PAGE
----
A small mobile game publishing start-up that was backed in part by Creative Artists Agency has been acquired in whole by the maker of what’s been the most popular
Hitcents' acquisition of Moonshark, announced Friday, is expected to lead to better collaboration between the talent agency and software programmers as they work on at least a dozen more celebrity-inspired apps, said Ed Mills, co-founder and chief financial officer of Hitcents.
The Bowling Green, Ky. company has been in the headlines since it launched Hanx Writer a week ago.
The brainchild of CAA client Tom Hanks, the app presents users with a digital typewriter that they can tap away on. It was the most downloaded app in 16 countries, including the U.S., the tracking firm App Annie said Thursday. Hanks, a self-professed lover of typewriters, wanted to create the experience of the old-fashioned tool without the bulky machinery. Users can sync the app with external keyboards and buy different faux typewriters through the app.
Hitcents reached a deal to build the app after Mills met a CAA agent at the Webby Awards. Mills’ two sons started Hitcents in 1999, first building technology to load online ads. They later started building software for large companies. It’s more recent focus has been on apps, including one for the band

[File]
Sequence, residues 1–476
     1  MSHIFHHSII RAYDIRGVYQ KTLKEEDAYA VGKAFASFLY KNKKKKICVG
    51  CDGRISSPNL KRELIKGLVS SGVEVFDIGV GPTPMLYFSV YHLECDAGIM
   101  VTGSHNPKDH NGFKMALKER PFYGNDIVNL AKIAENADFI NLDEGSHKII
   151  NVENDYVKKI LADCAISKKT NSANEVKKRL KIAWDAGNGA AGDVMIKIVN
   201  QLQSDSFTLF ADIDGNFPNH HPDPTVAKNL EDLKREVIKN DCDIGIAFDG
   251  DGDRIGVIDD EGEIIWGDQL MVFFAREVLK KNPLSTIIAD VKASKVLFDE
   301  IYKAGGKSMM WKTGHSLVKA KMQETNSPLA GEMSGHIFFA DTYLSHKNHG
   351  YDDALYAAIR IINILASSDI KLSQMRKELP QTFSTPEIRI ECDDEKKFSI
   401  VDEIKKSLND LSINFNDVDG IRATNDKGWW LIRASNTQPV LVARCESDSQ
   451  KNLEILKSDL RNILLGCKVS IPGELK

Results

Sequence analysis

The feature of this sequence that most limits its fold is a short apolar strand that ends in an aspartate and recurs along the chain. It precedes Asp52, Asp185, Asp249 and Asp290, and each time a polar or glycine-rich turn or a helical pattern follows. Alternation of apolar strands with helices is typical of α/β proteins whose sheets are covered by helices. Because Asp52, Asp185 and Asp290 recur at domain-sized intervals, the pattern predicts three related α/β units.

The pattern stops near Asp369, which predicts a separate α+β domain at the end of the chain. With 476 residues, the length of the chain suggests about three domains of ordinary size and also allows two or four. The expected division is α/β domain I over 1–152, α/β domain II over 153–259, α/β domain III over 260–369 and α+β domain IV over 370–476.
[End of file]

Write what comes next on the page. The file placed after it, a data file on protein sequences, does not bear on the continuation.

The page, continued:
Two years ago, CAA and
But as Moonshark, Hitcents and CAA worked on Hanx Writer, Mills realized that bringing the three-person start-up in-house would improve the relationship. Terms of the deal were not disclosed.
"We've garnered a lot of expertise over the last couple of years," said Andrew Chan, who is transitioning from Moonshark's chief executive to Hitcents' vice president of business development. "How to structure these deals, how to make money in the apps, how to temper the expectations of talent and building relationships – all of that is the value-add we bring."
Chan, Mills and a growing team will continue to work out of CAA's headquarters in Century City. That base in Los Angeles will be key to landing more Hollywood partnerships, Mills said.
"There's nothing better than sitting across from each other in a conference room," he said.
And there are plenty of stars interested in making apps.